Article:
Terms of imprisonment, high fines, and the loss of certain civil rights could all result from a domestic violence conviction. Working with an Austin domestic violence lawyer may be key to working towards the best possible outcome based on the unique factors in your case.
Having a permanent criminal record for a crime of violence is not likely to be advantageous to you when you are looking for a job, attempting to further your education, or pursuing a different career path. In some cases, a conviction could shut you out of certain careers altogether and make it far more difficult to better yourself from a professional and financial perspective. If you find yourself in this type of situation, a savvy defense attorney could help.
Domestic Violence in Austin
While there is typically no specific criminal offense that constitutes domestic violence in the state of Texas, there is one potential exception for a statute that targets repeat offenders in certain situations. If someone allegedly assaulted a family or household member a minimum of twice in a 12-month period, they could commit the offense of continuous violence against the family pursuant to Texas Penal Code § 25.11. This offense is a third-degree felony, which may result in a prison sentence ranging from two to ten years and a $10,000 fine.
For an isolated incident of domestic violence, allegedly committing certain crimes against specified family and household members could be the same as committing them against strangers. The nature of these offenses, which primarily involve threats of violence and bodily harm to others, could lead to harsher penalties. When facing any type of charge that involves violence or threats of violence, consulting a domestic violence lawyer in Austin may be advisable.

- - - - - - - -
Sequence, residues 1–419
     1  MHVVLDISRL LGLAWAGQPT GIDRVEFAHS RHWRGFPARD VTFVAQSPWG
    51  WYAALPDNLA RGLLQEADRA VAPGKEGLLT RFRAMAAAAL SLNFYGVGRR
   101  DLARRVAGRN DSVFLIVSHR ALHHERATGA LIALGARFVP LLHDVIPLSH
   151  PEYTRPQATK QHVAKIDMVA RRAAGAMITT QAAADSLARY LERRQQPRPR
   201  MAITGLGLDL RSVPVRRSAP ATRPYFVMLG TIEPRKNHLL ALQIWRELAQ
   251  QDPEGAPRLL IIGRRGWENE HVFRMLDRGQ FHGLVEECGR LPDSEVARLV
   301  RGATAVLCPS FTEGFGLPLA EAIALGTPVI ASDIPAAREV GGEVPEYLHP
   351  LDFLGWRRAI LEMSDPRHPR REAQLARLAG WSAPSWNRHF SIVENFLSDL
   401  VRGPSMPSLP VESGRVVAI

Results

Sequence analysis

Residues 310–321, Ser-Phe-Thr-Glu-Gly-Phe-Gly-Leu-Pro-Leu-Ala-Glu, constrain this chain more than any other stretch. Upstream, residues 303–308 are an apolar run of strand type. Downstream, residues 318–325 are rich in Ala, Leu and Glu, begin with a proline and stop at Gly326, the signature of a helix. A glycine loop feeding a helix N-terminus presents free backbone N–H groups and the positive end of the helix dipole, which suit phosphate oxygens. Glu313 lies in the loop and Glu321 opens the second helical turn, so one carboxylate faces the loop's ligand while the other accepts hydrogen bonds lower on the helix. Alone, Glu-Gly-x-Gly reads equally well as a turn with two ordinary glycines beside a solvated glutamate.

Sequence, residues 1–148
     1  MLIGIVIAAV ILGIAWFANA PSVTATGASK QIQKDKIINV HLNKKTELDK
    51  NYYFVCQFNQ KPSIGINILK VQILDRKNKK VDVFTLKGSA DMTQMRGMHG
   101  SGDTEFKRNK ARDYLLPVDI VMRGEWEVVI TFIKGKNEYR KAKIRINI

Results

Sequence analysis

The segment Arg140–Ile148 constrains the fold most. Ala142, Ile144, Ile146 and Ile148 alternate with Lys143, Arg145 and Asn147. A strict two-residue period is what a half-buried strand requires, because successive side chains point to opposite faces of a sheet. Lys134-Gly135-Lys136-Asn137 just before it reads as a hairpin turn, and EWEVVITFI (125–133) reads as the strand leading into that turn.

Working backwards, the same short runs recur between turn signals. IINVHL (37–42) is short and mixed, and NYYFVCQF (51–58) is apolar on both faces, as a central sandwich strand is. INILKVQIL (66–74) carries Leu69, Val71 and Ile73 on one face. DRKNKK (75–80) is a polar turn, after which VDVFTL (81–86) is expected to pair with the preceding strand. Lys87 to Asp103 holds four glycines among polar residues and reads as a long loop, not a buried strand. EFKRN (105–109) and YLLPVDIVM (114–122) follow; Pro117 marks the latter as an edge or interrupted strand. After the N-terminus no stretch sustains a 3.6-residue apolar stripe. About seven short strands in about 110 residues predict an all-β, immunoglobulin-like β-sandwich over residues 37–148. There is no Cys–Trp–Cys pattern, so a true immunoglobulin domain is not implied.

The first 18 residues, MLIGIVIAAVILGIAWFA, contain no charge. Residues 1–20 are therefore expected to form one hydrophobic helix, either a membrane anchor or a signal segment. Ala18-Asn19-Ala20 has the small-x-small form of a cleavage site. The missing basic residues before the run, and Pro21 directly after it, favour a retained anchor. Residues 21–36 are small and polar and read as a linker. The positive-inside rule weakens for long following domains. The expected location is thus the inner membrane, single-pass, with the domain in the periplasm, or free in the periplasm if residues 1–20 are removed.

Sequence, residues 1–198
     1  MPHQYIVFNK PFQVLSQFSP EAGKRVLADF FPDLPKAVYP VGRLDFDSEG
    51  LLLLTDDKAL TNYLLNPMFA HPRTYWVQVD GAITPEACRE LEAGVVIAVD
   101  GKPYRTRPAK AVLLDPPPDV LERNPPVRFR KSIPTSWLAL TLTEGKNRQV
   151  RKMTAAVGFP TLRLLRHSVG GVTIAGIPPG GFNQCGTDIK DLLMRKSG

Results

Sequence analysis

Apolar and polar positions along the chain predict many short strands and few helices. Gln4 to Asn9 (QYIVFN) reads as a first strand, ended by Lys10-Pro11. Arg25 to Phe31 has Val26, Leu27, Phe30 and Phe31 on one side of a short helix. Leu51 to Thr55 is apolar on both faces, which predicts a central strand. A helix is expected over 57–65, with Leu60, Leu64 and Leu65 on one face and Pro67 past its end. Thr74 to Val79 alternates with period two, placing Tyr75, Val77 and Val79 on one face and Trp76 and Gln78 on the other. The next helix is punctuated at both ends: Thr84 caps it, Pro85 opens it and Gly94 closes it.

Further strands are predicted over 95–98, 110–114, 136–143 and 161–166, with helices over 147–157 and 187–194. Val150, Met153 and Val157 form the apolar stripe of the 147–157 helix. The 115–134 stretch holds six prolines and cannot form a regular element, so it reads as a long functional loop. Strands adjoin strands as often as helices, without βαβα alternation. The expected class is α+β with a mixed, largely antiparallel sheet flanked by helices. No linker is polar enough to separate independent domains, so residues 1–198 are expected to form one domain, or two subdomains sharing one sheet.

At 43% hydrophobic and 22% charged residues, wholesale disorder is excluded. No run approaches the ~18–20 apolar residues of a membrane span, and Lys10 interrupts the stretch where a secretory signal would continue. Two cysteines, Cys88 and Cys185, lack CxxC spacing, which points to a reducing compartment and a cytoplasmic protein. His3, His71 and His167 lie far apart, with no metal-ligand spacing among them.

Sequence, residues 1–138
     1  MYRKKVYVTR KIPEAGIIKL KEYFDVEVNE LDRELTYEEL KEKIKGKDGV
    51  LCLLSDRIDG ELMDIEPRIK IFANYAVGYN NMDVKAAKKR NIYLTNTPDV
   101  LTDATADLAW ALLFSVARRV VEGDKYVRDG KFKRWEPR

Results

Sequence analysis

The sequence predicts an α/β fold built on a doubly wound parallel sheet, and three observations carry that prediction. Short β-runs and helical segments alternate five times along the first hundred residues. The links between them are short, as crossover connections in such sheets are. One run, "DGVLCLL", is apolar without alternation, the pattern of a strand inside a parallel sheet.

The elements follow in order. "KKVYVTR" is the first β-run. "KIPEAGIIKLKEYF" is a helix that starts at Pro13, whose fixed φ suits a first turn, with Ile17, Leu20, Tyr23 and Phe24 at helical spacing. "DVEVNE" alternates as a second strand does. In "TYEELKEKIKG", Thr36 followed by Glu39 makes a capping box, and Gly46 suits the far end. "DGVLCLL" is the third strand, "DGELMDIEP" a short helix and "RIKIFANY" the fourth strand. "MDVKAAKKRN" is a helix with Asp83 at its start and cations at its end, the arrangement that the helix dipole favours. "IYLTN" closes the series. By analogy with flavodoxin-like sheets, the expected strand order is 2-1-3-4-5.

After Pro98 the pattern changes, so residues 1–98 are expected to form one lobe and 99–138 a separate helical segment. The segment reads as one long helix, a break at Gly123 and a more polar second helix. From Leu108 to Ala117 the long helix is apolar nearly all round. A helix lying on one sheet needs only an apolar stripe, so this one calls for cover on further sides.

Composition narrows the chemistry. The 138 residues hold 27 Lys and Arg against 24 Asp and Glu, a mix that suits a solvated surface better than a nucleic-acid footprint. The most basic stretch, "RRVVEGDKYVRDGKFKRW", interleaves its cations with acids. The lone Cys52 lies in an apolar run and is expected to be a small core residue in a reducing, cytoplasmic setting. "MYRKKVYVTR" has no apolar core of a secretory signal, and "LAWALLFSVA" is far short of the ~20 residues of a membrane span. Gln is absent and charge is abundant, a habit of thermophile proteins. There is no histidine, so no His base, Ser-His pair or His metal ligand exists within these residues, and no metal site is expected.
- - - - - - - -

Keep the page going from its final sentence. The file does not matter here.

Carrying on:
Defining Family and Household Members
All states define family and household members differently for the purposes of domestic violence offenses. Texas has adopted a relatively expansive definition of family. Under Tex. Pen. Code § 71.003, family constitutes all individuals related by blood, adoption, or marriage. This could include former spouses and those who share a child.
To qualify as a household member, people simply must reside together in the same dwelling. Pursuant to Tex. Pen. Code § 71.005, there does not need to be a marital or family relationship between the members of the same household. It is sufficient that they simply live in the same location.
Specific Acts Against the Family
Various actions could constitute domestic violence when they involve family or household members. These may include assault, sexual assault, kidnapping, and terrorist threats, among others. Any potential domestic violence offenses are serious crimes that have the potential to result in severe penalties, so getting advice from an Austin domestic violence attorney may be helpful.
The most commonly-charged domestic violence offenses are assault and aggravated assault. Under Tex. Pen. Code § 22.01, an assault may include various behaviors that cause physical injuries to others. It also includes making threats of physical harm to others or physical contact that, while does not cause injuries, could be reasonably viewed as offensive or provocative.
Assault is typically a Class A misdemeanor, which may result in a jail sentence of up to one year and a fine of up to $4,000. Assaults could become a felony under certain circumstances. This may include when the target is a family or household member and the alleged offender has a previous conviction for domestic assault. The potential penalties for a felony offense far exceed those for a misdemeanor.
Get Advice from an Austin Domestic Violence Attorney
When you are facing any type of criminal charges, you need to begin building a strong defense from the outset of your case. Delays in doing so may have a negative impact on your case. In this situation, an Austin domestic violence lawyer may be of assistance to you.
Working with experienced legal counsel can have many benefits. You can learn about the criminal court process, thoroughly understand the options that may be available to you, and work toward a more positive resolution of the charges against you. To learn how an attorney can help, call now.